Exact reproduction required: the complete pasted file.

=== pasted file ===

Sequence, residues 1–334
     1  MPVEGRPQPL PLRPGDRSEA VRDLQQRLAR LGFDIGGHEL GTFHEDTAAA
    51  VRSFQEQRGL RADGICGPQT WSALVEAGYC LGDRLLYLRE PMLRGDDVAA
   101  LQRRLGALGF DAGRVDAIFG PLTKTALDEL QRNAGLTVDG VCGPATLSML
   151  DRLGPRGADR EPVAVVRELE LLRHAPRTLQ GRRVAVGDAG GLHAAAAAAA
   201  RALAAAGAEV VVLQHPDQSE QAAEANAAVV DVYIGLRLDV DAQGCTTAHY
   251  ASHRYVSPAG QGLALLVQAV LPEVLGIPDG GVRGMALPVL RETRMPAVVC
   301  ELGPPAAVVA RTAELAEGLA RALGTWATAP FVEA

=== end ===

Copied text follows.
Sequence, residues 1–334
     1  MPVEGRPQPL PLRPGDRSEA VRDLQQRLAR LGFDIGGHEL GTFHEDTAAA
    51  VRSFQEQRGL RADGICGPQT WSALVEAGYC LGDRLLYLRE PMLRGDDVAA
   101  LQRRLGALGF DAGRVDAIFG PLTKTALDEL QRNAGLTVDG VCGPATLSML
   151  DRLGPRGADR EPVAVVRELE LLRHAPRTLQ GRRVAVGDAG GLHAAAAAAA
   201  RALAAAGAEV VVLQHPDQSE QAAEANAAVV DVYIGLRLDV DAQGCTTAHY
   251  ASHRYVSPAG QGLALLVQAV LPEVLGIPDG GVRGMALPVL RETRMPAVVC
   301  ELGPPAAVVA RTAELAEGLA RALGTWATAP FVEA